In a federal antitrust case brought by restaurant owners against American Express, the Supreme Court agreed on November 9 to decide "whether the Federal Arbitration Act permits courts, invoking the 'federal substantive law of arbitrability,' to invalidate arbitration agreements on the ground that they do not permit class arbitration of a federal law claim."

The U.S. Court of Appeals for the Second Circuit, in Italian Colors Restaurant v. American Express Travel Related Services Co., had refused to enforce the class action waiver in the American Express arbitration agreement on the ground that it would effectively preclude the plaintiffs from prosecuting their federal antitrust claims. The subsequent denial of American Express' motion for en banc review spurred vigorous dissents by the Second Circuit's Chief Judge and four other judges, increasing the likelihood that the Supreme Court would grant review.

The Second, Third, and Ninth Circuits disagree with the Second Circuit on whether the “vindication of statutory rights” theory is viable in light of the U.S. Supreme Court’s landmark decision in AT&T Mobility LLC v. Concepcion in 2011. There, the Supreme Court held that the Act preempts state laws that refuse to enforce class action waivers in consumer arbitration agreements as unconscionable or against public policy. The panel in American Express had concluded that Concepcion did not preclude them from refusing to enforce the class action waiver because the plaintiffs had shown that to prosecute their claims, they would be required to hire an expert who would charge exponentially more than the plaintiffs' potential recovery, and those expert fees could not be recovered under the Sherman Act even if the plaintiffs prevailed in individual arbitrations.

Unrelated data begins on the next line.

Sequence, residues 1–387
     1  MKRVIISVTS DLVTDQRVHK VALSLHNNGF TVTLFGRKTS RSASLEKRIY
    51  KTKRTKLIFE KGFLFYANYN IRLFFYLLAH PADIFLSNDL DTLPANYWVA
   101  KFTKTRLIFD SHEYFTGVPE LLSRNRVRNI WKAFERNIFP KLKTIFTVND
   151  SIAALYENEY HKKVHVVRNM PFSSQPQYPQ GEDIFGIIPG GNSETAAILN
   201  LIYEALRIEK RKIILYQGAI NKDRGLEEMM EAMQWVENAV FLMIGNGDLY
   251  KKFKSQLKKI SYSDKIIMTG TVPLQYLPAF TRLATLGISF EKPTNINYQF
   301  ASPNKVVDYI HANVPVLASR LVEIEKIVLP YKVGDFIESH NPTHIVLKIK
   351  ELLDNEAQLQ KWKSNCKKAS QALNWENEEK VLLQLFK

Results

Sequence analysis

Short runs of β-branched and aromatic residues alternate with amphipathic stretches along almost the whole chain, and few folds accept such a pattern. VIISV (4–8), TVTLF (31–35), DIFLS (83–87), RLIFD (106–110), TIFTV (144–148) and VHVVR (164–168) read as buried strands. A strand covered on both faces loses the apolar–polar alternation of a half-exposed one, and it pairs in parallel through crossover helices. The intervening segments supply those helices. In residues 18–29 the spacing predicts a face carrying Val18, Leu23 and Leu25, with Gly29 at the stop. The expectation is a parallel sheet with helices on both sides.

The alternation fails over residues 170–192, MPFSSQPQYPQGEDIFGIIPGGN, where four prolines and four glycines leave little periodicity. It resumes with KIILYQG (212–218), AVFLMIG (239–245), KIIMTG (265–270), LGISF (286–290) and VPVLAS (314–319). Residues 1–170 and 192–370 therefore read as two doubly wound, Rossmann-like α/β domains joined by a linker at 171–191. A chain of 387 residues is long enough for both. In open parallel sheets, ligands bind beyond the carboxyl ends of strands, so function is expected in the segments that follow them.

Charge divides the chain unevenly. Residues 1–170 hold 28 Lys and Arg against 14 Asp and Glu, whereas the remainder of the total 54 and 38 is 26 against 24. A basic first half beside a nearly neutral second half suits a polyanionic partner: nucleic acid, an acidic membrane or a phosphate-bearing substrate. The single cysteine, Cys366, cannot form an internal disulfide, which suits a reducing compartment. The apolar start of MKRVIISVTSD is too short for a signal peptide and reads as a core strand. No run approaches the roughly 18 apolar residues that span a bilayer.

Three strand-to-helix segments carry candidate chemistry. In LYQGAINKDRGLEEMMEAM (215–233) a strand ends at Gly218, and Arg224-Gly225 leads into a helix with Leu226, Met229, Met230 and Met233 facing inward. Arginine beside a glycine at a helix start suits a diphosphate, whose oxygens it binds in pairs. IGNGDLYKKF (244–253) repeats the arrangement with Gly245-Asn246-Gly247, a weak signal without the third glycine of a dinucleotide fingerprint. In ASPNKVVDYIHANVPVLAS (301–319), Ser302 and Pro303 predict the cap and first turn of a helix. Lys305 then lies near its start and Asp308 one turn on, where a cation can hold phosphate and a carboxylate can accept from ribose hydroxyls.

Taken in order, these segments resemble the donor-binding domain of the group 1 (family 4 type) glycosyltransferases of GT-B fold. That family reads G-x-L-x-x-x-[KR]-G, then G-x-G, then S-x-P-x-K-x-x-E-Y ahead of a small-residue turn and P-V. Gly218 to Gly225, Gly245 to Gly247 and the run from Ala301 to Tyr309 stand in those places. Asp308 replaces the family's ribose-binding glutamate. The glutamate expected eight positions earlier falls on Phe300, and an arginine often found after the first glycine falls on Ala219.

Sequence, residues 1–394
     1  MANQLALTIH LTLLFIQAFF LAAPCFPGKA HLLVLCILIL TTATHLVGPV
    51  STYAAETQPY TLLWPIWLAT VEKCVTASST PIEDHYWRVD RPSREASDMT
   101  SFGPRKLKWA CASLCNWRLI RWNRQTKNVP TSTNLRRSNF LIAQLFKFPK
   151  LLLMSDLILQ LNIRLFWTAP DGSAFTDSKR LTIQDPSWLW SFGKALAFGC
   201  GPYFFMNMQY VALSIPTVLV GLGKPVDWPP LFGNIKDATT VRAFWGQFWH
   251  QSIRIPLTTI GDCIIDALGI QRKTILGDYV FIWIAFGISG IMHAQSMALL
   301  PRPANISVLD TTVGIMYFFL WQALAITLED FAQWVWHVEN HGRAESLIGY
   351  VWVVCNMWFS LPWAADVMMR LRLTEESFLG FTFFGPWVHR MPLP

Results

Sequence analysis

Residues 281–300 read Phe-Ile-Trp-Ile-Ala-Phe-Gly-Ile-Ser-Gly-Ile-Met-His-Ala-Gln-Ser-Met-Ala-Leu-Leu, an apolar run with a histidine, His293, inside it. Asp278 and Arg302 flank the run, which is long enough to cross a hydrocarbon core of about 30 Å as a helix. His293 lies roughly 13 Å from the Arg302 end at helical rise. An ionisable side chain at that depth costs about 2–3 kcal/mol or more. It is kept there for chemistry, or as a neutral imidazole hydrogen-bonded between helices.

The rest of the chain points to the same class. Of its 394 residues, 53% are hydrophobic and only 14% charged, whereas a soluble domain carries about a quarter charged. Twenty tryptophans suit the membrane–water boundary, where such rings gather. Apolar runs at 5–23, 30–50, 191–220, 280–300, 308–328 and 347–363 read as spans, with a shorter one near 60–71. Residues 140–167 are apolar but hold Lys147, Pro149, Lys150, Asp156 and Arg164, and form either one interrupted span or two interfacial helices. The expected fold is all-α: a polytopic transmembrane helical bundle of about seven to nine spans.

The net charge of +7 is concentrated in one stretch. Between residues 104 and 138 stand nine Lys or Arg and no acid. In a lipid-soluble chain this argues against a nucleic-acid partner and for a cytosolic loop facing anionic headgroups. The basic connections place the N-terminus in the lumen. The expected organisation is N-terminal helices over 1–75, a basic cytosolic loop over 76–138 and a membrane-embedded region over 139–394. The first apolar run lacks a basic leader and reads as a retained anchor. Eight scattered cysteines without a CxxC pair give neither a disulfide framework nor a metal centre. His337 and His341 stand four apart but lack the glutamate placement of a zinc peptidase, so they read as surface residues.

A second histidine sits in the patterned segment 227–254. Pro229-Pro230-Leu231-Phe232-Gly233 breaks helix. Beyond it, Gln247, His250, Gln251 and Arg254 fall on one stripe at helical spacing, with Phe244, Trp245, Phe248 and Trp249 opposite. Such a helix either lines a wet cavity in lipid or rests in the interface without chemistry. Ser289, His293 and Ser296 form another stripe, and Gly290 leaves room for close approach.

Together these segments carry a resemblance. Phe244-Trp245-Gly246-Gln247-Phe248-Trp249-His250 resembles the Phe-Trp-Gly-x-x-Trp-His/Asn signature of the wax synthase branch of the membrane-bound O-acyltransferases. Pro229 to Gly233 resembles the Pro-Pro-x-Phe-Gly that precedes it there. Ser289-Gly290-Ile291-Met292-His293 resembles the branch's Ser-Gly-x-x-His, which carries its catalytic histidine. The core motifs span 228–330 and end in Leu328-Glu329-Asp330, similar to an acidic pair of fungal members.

By contrast, the Second, Third, and Ninth Circuits have ruled that Concepcion is broadly written and that the Act requires enforcement of an arbitration agreement’s class action waiver, despite arguments that the plaintiffs would be unable to vindicate their statutory rights without a class action because their claims were worth much less than the cost of litigating them. Indeed, the Third Circuit, in another case brought by consumers against American Express, Homa v. American Express Co., held that “[e]ven if Homa cannot effectively prosecute his claim in individual arbitration, that procedure is his only remedy, illusory or not … Though some persons might regard our result as unfair, 9 U.S.C. § 2 requires that we reach it. In this regard, we point out that when Congress makes a law the court must enforce the law as Congress has written it regardless of the court’s view of the law.”

Justice Sonia Sotomayor took no part in the order granting certiorari, probably because she was a member of the Second Circuit panel that heard the case in an earlier appeal. The Supreme Court is expected to rule in the spring of 2013.

The grant of certiorari in Italian Colors shows that the Supreme Court continues to be extremely interested in arbitration issues. Over the past several decades, it has issued more than 30 major opinions dealing with arbitration.